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May 8, 1996

A Detailed Comparison of Physician Services for the Elderly in the United States and Canada

Author Affiliations

From the Urban Institute, Washington, DC (Dr Welch and Ms Verrilli); the Division of General Medicine, School of Medicine, University of Michigan, Ann Arbor (Dr Katz); and the Department of Health Policy and Management, Harvard University, Cambridge, Mass (Dr Latimer). Dr Welch is now with the Congressional Budget Office, Washington, DC, and Dr Latimer is now with the Faculty of Medicine, McGill University, Montreal, Quebec.

JAMA. 1996;275(18):1410-1416. doi:10.1001/jama.1996.03530420038033

Objective.  —To assess the relative volume and price of physician services in Canada and the United States.

Design.  —A comparative analysis of 1992 claims data from Canadian provincial ministries of health and from the US Health Care Financing Administration.

Patients.  —All elderly individuals in the 3 largest Canadian provinces, Ontario, Quebec, and British Columbia, and a 1% random sample of US elderly Medicare beneficiaries not enrolled in health maintenance organizations.

Main Outcome Measure.  —The volume of physician services measured in terms of the relative value units used in the Medicare fee schedule to calculate payments, with services disaggregated into clinically meaningful categories.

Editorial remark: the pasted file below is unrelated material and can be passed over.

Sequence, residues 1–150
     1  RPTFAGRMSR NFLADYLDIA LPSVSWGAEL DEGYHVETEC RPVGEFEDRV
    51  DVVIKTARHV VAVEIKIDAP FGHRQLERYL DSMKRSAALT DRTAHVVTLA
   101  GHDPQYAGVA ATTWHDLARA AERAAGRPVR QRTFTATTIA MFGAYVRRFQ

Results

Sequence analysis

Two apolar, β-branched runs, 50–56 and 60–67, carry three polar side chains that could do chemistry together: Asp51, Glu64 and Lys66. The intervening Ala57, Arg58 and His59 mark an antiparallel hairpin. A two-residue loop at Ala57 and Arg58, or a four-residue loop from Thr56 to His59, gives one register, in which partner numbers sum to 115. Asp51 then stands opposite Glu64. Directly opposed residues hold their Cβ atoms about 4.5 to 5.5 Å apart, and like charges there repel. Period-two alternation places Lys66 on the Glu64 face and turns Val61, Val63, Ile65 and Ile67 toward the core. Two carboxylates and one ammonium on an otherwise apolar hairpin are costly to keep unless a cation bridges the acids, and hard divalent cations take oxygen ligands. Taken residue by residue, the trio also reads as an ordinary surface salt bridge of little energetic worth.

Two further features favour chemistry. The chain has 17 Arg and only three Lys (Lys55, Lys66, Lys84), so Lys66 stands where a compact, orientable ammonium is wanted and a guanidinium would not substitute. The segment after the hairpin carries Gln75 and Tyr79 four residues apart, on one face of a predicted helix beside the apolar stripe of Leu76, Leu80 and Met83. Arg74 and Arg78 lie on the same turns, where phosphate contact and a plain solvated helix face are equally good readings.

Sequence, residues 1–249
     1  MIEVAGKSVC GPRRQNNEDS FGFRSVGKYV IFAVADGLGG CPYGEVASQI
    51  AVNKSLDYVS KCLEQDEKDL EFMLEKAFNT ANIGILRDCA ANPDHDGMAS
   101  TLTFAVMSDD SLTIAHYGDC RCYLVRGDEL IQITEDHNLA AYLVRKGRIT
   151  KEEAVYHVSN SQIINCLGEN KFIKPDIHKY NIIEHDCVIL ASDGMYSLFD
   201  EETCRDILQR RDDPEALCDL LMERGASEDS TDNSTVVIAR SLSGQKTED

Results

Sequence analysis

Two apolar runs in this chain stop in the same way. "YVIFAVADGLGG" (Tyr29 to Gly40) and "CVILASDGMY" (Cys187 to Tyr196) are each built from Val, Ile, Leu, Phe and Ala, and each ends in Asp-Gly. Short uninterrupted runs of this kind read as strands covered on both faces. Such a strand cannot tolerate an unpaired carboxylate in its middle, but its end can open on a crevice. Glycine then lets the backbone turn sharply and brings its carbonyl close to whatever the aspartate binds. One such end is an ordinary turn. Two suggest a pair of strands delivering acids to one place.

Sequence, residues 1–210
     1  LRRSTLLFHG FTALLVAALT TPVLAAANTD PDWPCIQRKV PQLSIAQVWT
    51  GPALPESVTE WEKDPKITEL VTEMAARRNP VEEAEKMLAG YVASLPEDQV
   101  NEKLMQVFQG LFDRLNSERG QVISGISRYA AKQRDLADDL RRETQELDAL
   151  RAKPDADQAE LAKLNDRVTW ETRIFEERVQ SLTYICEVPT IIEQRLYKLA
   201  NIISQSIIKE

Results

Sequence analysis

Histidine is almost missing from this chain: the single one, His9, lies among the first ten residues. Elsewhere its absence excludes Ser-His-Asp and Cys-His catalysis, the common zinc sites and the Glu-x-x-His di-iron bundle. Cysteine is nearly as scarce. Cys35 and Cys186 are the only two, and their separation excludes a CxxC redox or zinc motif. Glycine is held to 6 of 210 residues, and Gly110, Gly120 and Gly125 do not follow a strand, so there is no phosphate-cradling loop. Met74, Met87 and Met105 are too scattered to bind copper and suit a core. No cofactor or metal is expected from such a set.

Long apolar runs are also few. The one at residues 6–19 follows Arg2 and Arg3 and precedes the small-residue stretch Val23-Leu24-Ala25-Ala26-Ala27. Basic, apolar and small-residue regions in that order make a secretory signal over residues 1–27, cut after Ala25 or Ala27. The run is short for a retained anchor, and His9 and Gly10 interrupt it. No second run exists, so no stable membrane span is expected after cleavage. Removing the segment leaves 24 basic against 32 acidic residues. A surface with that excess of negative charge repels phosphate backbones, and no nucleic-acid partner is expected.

Results.  —Canadian elderly receive a higher volume of physician services than US elderly. Because the provinces examined paid a much lower price per service, Canada had overall lower expenditures per elderly person than the United States. Canadian elderly received 44% more evaluation and management services, but 25% fewer procedures. Canada has a disproportionately lower volume of procedures for which there is low clinical consensus as to when they are indicated. Such procedures include cataract extractions and knee replacements.

Conclusion.  —The lower prices for physician services in Canada permit Canadian elderly to receive a higher volume of evaluation and management services with lower expenditures than US elderly. Expenditures for procedural services, on the other hand, are constrained by both price and volume. These differences in the volume of physician services may be the result of differences in facility and physician supply.(JAMA. 1996;275:1410-1416)